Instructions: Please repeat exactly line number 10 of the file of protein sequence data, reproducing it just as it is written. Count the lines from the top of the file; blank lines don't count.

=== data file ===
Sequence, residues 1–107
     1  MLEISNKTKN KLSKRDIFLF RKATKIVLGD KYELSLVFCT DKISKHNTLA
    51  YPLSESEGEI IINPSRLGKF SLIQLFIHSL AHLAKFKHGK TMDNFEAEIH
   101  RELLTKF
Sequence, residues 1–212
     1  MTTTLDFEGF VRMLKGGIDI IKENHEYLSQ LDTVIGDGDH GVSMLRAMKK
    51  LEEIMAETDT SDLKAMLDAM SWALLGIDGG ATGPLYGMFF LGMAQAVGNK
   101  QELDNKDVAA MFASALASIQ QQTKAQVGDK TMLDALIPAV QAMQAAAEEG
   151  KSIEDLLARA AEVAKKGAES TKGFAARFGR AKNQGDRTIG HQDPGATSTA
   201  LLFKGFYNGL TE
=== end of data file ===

   201  LLFKGFYNGL TE